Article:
Doctor's Eye Contact and Patient's Response in Geriatric Triadic Encounters:A Study on Verbal and Nonverbal Interaction

  • 鄭 淑芬

Student thesis: Master's Thesis

Abstract

In recent decades, research on discourse analysis has put emphasis on participants' nonverbal behavior. Eye contact, as one of the nonverbal channels, contributes an important and inevitable role during interaction and has received a lot of scholars' attention. Medical encounters, as one type of social interaction, being significant on information exchange widely emphasize the function of gaze. As a lot of medical textbooks and literatures (e.g., Billings & Stoeckle, 1999; Heath, 1986) have shown, using eye contact as an interviewing skill helps doctors to efficiently elicit patients' information. Doctors are encouraged to maintain their eye contact with patients when they interview them. However, such a facilitating behavior is in conflict with the doctors' act of reading/writing medical records. Doctors' reading/writing records, as an important and inevitable activity in consultation, prevents doctors and patients from maintaining eye contact. Hence, the present study examines how doctors' different gaze patterns affect the verbal interaction. Moreover, the presence of a patient companion might complicate doctors' gaze patterns. Thus, the present study aims to examine doctors' gaze patterns and effects in triadic encounters. My three research questions include: (1) What is the patients' /companions' response rate when doctors gaze towards patients versus towards companions or records? (2) In what ways do doctors’ different degrees of gaze towards patients (i.e., gaze duration) affect patient responses (i.e. in terms of time length and participation amount) to doctors’first open-ended questions? (3) Is silence correlated with doctors’ reading/writing medical records? To examine these questions, the present study collects 24 videotaped medical encounters in the family medicine department of a teaching hospital in southern Taiwan. Each patient accompanied by a family member was visiting their doctor for the first time. The results show that (1) doctors’ eye contact functions as an indicator of who the next speaker might be, as it is shown in my analysis that the party (i.e., the patient, the companion or both) the doctor directs his/her gaze towards while posing a question will be the most probable one to respond to the doctor (i.e., 97.7% by patients, 100% by companions, or 87.2% and 83% by patients and companions respectively); (2) doctors' eye contact is a nonverbal strategy in encouraging patients’elaboratio n. That is, when patients receive doctors' eye contact for more than 60% of the response time (i.e., the time span between the doctor's first open-ended question and his/her second question), their response time and participation amount is larger (i.e., 19.4 seconds, 46.1 syllables) than those patients receiving relatively less eye contact from doctors (i.e., doctors’ eye contact with patients for less than 40% and for 0% of the response time); (3) the absence of doctors' eye contact with the patients (i.e., doctors' reading/writing records) is a potential cause for discontinuation of the conversation (i.e., silence). As the results have displayed that the majority (96.7%) of silence occurs during the moments when doctors are reading/writing records. Based on the above findings, the present study suggests that (1) for doctors to elicit the first-hand information from the patients, they should gaze towards patients when doctors initiate questions, especially in the triadic medical encounter; (2) doctors should maintain their gaze towards patients so that patients will spend more time providing more utterances in reply, especially after doctors initiate their first open-ended question (e.g., what brings you here today?) which aims to elicit a comprehensive perspective of patient problems ; (3) to avoid discontinuity of the conversation flow (i.e., silence), intermittently reading/writing medical records in short periods of time works better than long periods of reading/writing records.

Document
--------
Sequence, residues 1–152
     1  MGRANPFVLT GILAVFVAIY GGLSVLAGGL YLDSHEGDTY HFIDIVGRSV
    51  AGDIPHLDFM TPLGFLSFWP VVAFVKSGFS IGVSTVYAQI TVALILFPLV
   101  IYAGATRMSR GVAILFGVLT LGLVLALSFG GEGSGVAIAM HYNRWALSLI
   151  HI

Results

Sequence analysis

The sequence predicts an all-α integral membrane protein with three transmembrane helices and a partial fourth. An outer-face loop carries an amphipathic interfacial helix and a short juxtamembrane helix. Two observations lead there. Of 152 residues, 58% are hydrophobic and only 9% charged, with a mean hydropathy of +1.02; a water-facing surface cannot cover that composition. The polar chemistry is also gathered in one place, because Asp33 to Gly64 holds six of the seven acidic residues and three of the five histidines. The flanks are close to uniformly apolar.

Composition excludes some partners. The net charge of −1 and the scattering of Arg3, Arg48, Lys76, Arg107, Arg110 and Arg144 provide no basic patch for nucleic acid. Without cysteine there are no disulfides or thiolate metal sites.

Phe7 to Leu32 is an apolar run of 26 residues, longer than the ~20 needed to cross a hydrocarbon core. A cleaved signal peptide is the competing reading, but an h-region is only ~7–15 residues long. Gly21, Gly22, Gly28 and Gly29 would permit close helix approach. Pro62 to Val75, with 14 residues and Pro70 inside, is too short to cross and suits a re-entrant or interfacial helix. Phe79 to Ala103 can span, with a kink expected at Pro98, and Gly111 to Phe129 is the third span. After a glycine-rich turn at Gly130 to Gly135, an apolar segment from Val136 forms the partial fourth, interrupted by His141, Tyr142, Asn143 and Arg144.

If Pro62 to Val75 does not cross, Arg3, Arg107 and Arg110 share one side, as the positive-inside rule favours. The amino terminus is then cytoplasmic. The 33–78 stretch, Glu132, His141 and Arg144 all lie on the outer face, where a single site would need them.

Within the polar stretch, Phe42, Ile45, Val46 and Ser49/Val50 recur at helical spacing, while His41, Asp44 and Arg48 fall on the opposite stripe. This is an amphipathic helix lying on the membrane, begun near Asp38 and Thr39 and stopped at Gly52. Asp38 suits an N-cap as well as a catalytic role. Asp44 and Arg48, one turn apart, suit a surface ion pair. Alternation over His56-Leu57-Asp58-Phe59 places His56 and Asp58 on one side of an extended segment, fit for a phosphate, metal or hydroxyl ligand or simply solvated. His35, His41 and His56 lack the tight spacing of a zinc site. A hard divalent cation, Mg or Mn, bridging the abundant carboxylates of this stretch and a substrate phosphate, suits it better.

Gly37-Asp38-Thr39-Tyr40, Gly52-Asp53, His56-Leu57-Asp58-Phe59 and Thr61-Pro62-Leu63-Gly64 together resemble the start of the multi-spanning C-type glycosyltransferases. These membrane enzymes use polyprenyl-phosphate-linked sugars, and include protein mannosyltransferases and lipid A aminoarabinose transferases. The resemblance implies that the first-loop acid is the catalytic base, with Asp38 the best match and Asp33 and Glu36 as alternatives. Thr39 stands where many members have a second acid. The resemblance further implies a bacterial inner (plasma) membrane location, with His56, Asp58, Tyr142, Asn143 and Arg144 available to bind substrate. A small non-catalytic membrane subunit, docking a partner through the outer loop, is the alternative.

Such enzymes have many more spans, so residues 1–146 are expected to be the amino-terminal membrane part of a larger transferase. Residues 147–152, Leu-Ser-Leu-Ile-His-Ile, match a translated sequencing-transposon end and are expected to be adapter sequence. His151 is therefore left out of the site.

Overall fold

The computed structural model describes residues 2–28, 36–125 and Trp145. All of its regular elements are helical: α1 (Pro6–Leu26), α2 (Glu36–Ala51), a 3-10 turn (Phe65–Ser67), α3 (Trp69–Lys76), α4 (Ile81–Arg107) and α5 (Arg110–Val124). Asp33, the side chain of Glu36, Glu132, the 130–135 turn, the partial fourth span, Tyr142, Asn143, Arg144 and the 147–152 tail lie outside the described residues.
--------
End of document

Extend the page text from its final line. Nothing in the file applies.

Date of Award2008
Original languageEnglish
SupervisorMei-Hui Tsai (Supervisor)

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